Tuesday, June 30, 2009


Before I knew what was happening, my year has come and gone here in Honduras (time passes just as quickly here as I’m sure it does back home). I apologize for not keeping my Blog updated, for falling out of touch with some of you, and for never being in touch with others—my only excuse is that the year itself was so full of activity, filled with work and discovery that required more of me than I knew I had to give. It’s been a year filled with many joys and sorrows, many successes and even more failures. The only thing I’m sure of is that it has been an experience that will stay with me for the rest of my life.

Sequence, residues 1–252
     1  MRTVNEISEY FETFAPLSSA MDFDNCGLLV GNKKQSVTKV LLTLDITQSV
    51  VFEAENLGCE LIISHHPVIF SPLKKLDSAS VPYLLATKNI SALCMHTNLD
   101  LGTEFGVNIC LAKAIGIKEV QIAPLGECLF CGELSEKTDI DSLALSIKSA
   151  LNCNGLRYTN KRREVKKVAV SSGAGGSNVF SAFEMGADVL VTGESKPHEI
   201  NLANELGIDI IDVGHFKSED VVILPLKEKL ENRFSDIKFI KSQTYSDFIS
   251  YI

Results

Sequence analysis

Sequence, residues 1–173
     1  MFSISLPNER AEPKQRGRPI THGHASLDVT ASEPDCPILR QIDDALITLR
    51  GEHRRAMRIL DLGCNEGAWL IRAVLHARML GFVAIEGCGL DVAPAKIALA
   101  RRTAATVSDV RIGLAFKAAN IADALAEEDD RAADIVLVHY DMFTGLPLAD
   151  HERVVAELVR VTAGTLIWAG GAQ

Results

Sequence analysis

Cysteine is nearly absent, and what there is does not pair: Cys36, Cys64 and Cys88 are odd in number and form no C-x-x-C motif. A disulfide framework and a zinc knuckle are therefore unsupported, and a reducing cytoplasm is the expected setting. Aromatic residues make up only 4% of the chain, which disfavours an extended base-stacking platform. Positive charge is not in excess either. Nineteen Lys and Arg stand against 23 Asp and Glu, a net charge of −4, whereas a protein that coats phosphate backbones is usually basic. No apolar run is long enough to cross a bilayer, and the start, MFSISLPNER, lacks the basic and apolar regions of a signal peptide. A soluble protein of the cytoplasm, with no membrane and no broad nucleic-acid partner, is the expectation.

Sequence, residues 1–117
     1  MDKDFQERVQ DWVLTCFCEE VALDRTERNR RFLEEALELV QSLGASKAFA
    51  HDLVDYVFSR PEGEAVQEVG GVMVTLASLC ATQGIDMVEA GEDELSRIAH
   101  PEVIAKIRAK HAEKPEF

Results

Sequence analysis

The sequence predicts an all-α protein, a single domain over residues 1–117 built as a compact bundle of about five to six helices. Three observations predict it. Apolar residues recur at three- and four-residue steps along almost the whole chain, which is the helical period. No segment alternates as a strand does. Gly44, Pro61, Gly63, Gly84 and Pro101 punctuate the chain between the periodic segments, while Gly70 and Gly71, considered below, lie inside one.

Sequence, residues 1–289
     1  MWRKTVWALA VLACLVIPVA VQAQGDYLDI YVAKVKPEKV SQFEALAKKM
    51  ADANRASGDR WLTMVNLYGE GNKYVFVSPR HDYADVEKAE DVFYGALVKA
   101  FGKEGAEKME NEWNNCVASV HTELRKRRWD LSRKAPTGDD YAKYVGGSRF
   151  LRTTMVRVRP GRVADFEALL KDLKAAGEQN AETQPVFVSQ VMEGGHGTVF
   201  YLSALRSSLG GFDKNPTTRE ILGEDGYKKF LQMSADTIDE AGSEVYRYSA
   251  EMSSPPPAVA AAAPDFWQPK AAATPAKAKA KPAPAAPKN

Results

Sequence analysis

I am sorry that I haven’t passed on more of the stories/adventures/tales of some of the more memorable exploits of the past year: going to the beautiful tropical island getaway of Roatan for New Year’s with my family (belting out the lyrics of “Build Me Up Buttercup” at 3am, zipping through the canopy past iguana-filled tress, glimpsing an underwater world teeming with color and life) and visiting it’s beaches again when C-Mac, Giff and his ladyfriend came to visit (*material edited for mature content*); accepting the fact that no matter how many times I explain the fact that I’m Japanese (and even after sharing a homemade delicacy of curry with friends from the community) that I people will always refer to me all aspects of Asian culture as ‘chino;’ deciding for some horrible reason with Jose that it would be a great idea to see who could go the longest without shaving (dubbed the “Weird Beard-Off,” the deal was that the leader would have to grow a rat tail… through Divine intervention (visit from Joe’s family and an interview for yours truly), after 6 weeks we peacefully cast off our beards in an effort to return to ‘striking good looks.’ Don’t worry, we have documented evidence of the entire thing); discovering how a doll-sized t-shirt fit perfectly onto our pet cat Scarlth (newly named, deriving originally from ‘Prince Carl’ (just seemed to fit), changed to ‘Scar’ (in honor of Mufasa’s brother in the Lion King after he got into a particularly rowdy fight with another cat) and finally adding an ‘l’ and ‘th’ (which, along with the beginning ‘s’ and ‘r’ are the hardest sounds to make in the English language (don’t worry, we didn’t name him that just to give our neighbors a hard time in pronouncing his name. We really just call him ‘gato’ mostly))), and how when he’s wearing the t-shirt, he looks, moves, and acts absolutely ridiculous; how someone who shall remain nameless locked the keys in our car when we were up in an aldea (hint: it wasn’t Melissa or Mike) and we somehow managed to pry the door open using sheer force, wedge it with chunks of wood to create a gap through which we inserted a crudely shaped chicken-wire hook and ordinary stick to slowly but surely rotate the handle to lower the window enough to the point when we could finally unlock the door (all credit for ingenuity and handiness on this occasion must go to none other than a certain M. Dubiel); the candid shot we took on the ancient Mayan ruins in Copan (me laying in a prone position on an ancient sacrificial table, arms stretched out and screaming towards the sky as Mike swings downward with a large, blunt rock towards my head) which was accidentally observed by a local tour guide, who, rather than get angry, greeted it with one of the most hilarious laughs I’ve ever heard; and of course, most recently, being in a country in the midst of a military coup (I will say this, I never in my wildest dreams imagined I would wake up one morning to a country without a president… or that the US would almost beat Brazil in futbol. I don’t know which is crazier…).